Choosing a Humane Society Dog for a family addition can be a very rewarding experience if done properly. So many times I have seen someone adopt from the Humane Society only for the dog to be returned. Sometimes an animal is returned several times before they can find a permanent home. Many times the return of an animal could have been prevented by the Humane Society or the new owner. If you are considering adopting from the Humane Society there are a few things you should consider and do before making the adoption commitment. Here are some tips to help you in your decision.
1.) Prior to going to the Humane Society, do your research on specific breeds and match it to you and your family’s life style. If you are an active family, you may want an active breed, if you are laid back and do not like walking that much the breed of dog you choose should reflect that. If you are inexperienced with dogs and dog training you should choose a breed that has an easy and high trainability trait. Choosing the wrong breed that does not match your family’s style of living is the number one reason for them having to be returned.
2.) Consider the pets you already have at home. The animal you choose from the Humane Society must be able to get along with what you already have at home. If you have cats or other dogs, then you would not want to adopt a dog that does not get along with cats or dogs!
3.) Be patient, if you know the breeds you are looking for and the Humane Society does not have that breed, be prepared to make several visits, keep checking and ask perhaps to be put on a waiting list for that particular breed.
4.) Do not expect to get the perfect dog from the Humane Society. While this does sometimes happen, it is not usually the case. Let’s face it, most of them wind up in the Humane Society because the owners could not handle them, did not take the time to train them properly or from severely being neglected. With a little work though and perseverance, you will have a very loyal dog, most dogs coming from the Humane Society are very appreciating and loyal to their new owners and very willing to please. Be prepared to take the time for training and working on some bad habits, most can be worked out if you are willing to make the effort.
5.) Have a plan of action for separation anxiety issues that may arise and how to handle it. Many dogs coming from the Humane Society will have separation anxiety issues and you must have a way of dealing with this as so they do not destroy your home while away. It is understandable considering the conditions most of these unwanted animals come from. A new loving owner leaving them is very stressful and frightening to them, understand this and have a way to deal with this as it will take time for them to understand you will return.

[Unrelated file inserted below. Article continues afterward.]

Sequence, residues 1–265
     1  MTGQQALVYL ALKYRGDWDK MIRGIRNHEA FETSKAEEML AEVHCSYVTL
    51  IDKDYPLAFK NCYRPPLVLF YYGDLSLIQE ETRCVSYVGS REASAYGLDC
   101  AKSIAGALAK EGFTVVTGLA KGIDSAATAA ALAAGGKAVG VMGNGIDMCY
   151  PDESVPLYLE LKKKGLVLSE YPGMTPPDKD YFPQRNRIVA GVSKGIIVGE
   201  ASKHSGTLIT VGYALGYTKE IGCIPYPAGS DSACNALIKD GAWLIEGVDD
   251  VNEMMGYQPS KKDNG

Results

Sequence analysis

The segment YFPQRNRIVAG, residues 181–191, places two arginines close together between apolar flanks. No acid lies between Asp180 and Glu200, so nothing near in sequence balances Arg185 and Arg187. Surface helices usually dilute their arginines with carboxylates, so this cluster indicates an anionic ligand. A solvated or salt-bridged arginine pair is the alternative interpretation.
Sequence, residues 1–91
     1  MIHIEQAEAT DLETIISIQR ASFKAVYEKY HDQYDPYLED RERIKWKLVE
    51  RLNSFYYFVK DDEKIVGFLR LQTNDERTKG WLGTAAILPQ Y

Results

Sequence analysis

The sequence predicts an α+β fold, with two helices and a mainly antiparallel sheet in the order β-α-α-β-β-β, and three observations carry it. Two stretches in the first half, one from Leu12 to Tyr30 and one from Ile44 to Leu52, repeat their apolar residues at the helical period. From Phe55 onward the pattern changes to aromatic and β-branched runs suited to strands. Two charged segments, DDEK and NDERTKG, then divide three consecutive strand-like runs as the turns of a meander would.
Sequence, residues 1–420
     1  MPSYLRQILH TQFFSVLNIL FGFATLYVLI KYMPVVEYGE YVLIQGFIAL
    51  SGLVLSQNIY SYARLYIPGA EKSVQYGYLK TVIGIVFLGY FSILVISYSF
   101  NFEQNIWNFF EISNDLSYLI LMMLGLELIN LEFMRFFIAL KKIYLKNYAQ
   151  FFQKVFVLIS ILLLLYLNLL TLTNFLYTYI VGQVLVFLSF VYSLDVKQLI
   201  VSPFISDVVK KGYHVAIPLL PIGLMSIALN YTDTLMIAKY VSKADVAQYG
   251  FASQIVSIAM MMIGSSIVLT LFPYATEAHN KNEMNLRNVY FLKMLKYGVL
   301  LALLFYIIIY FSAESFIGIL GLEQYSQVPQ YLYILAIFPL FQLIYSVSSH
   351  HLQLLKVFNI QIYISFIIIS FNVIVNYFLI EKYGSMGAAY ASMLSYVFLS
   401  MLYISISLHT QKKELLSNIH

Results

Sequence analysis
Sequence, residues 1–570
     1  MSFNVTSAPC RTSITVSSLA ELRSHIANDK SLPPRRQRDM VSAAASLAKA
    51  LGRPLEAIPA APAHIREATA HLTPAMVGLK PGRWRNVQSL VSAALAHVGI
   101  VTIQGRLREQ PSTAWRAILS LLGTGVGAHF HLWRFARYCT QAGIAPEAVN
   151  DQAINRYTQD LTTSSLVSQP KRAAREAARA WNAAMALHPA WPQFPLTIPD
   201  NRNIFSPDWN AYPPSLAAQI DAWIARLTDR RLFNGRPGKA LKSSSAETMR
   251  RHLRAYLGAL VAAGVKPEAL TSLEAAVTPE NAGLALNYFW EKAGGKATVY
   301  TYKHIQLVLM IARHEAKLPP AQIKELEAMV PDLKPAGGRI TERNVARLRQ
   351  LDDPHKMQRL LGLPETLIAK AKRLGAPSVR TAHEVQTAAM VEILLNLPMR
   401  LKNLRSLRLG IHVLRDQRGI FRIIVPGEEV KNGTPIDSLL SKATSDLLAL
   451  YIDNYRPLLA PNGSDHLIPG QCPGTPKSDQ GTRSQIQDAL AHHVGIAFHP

6.) Do not always take the word of the Humane Society workers when you question them. While they mean well, they are not always trying to place dogs with the right owner, they are just trying to get the dogs out of there as fast as they can to free up room. While not all Humane Societies work in this fashion, I have seen some that do, not taking in the needs of the family or the dog, just thinking in terms of finding a dog a home, today.
7.) Do not expect the Humane Society workers to know a whole lot about any particular dog, sometimes they do if the animal was owner relinquished, but most times the animal comes in as a stray and very little is known about it, other than what has been observed while in the Humane Society.
8.) Do not make a rash decision when you find a dog that you are really interested in, really look it over, ask if you can take it out and see how it walks on a leash. Visit it a few times and ask if they may put it on hold while you consider it. Ask if you may take it home for one night on a trial to see how it does in your home. If they have a special area you can interact with it, spend some time with it in that room and see how it takes to playing, being brushed, handled in a variety of ways, touched. If you think it will make a good match for your family, ask about the adoption process and see if you may fill out the adoption forms.
I hope these tips may help you in your rewarding experience of saving an animal from a rescue or Humane Society. I have 2 dogs myself that we have adopted from the Humane Society and they have been wonderful family members ever since. Our Australian Cattle dog, actually took 4 years of serious work to work out many of her problem areas as she had been totally ruined in being socialized at only 6 months old at the time we had adopted her. I had many years of experience of dog training and knew all about her breed before adopting her as was willing to put the work into her. I am so glad I did too for now at 7 years old she is a remarkable and loyal family member. Our other adoptee only needed a little leash work and he had been returned 3 times in 3 years to the Humane Society for the only reason of him shedding a lot. Oh does he shed! Everything in our house seems to be constantly covered in his hair, but we have dealt with it for 10 years now and he has been a loving gem for all this time. May your adoption from the Humane Society be as wonderful an experience as ours was!